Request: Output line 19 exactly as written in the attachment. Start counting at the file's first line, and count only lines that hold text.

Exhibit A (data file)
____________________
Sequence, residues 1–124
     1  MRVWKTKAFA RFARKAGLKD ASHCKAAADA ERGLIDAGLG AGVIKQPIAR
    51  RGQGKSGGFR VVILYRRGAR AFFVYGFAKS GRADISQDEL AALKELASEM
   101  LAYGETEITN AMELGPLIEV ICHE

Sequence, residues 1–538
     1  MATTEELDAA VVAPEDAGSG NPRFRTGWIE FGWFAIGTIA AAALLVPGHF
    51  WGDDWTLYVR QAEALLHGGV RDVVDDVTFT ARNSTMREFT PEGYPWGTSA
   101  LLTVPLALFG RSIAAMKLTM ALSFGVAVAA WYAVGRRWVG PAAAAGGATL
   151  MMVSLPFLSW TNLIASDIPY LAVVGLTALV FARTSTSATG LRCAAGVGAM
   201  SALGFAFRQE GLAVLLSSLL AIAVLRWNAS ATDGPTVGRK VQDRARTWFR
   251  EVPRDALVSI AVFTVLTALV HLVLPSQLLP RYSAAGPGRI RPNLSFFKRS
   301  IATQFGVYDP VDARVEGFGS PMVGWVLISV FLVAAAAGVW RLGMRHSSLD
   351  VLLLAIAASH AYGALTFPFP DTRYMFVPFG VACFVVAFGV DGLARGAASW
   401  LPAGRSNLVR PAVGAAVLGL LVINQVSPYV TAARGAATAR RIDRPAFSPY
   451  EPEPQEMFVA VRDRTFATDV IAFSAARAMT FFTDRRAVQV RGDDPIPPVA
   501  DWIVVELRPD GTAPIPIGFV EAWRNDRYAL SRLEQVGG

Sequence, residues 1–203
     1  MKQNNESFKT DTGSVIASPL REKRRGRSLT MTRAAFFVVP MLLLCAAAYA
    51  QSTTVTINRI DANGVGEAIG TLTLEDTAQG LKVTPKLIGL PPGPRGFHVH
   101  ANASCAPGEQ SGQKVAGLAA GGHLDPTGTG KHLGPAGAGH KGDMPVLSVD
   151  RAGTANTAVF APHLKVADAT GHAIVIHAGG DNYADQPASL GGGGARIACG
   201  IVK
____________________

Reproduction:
    51  QSTTVTINRI DANGVGEAIG TLTLEDTAQG LKVTPKLIGL PPGPRGFHVH